Warm a large, flat cast iron griddle or skillet over medium-high heat.  Cook for 2 minutes, until the edges are starting to curl up and the bottoms look dry and pebbly. Flip and cook another 1 to 2 minutes on the other side.  Serve with selected toppings. Makes about 20 6-inch tortillas.

St. Junípero Serra, Pray for us!


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Homemade PayDay Bars for the Feast of St. Matthew


Last All Hallows' Eve I filled one of our All Saints Guessing Jars with PayDay bars for St. Matthew, patron of accountants! In honor of his feast today I decide to try a recipe for some Homemade PayDay bars. They were quick and easy and, according to my children, tasted better than the actual candy bars.          


Homemade PayDay Bars
adapted from Food.com

Ingredients:
  • 1 (16 oz) jar dry roasted peanuts
  • 3 tablespoons butter
  • 1 (10 oz) bag peanut butter chips
  • 1 can sweetened condensed milk
  • 2 cups miniature marshmallows


Directions:

Grease the bottom and sides of a 9x13 pan. Pour half of the peanuts into the pan..


Over medium-low heat, melt butter and chips. Remove from heat and mix in sweetened condensed milk. Stir in marshmallows, do not melt marshmallows.


Spoon mixture over peanuts in pan, pat down.


Top with remaining peanuts and press down to help adhere the top layer of peanuts. 


Chill until set. 


Cut into desired serving size.


These bars only took about 20 minutes to assemble and another 20 minutes to chill. If you are looking for something even easier you can always just pick up some PayDay candy bars.  I hope you all have a blessed feast day!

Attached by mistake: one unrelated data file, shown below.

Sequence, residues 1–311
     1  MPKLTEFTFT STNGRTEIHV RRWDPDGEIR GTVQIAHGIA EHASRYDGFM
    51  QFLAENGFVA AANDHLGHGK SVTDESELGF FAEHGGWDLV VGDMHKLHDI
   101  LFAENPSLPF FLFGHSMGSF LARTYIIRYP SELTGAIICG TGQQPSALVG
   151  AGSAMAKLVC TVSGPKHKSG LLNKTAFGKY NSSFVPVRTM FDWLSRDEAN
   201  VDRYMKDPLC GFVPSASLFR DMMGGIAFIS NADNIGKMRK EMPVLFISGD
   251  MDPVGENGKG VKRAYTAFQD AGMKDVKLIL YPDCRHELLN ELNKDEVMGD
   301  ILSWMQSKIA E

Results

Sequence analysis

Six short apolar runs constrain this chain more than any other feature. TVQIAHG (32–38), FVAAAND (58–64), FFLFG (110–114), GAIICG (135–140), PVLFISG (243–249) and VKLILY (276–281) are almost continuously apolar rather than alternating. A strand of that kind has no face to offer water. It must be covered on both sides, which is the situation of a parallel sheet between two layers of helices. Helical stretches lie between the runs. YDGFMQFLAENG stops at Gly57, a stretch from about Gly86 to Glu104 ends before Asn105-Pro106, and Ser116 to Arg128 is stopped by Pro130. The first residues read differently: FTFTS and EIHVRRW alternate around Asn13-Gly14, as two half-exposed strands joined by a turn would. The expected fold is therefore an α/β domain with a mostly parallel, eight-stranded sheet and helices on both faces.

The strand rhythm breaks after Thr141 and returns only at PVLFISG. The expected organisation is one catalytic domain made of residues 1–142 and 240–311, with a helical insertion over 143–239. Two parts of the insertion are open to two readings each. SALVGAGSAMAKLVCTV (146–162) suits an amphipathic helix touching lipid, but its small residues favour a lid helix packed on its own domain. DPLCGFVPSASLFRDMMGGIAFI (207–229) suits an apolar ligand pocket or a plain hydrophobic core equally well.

Matthew from The Twelve Apostles by Marianna Mayer


St. Matthew, ora pro nobis! 


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St. Matthew Winged Cupcakes

The following recipe was submitted by Julie Machado, from Marta, Julie e Maria, for the feast of St. Matthew. Thank you, Julie!


A symbol for St. Matthew is a winged man or angel. Some link it to the geneology at the beginning of his Gospel while others to the angel that appeared to Joseph. I had the idea to make winged cupcakes, with the figure of a man, but you could also draw a lion for St. Mark, an ox for St. Luke or an eagle for St. John and put on the wings. (View the various symbols here.)

First, melt some chocolate, put it in a frosting dispenser or plastic bag with the tip cut off and draw angel wings on wax paper. Let them set in the refrigerator.


Make cupcakes and frost them according to whatever recipe you like best. I used a sugar and spice recipe from a cupcake book. Draw a man stick figure on the cupcakes using the melted chocolate. Stick the wings on.

It is hot here so my wings started melting pretty fast out of the refrigerator.


"Such was his intention when, behold, the angel of the Lord appeared to him in a dream and said, “Joseph, son of David, do not be afraid to take Mary your wife into your home. For it is through the holy Spirit that this child has been conceived in her."  Matthew 1:20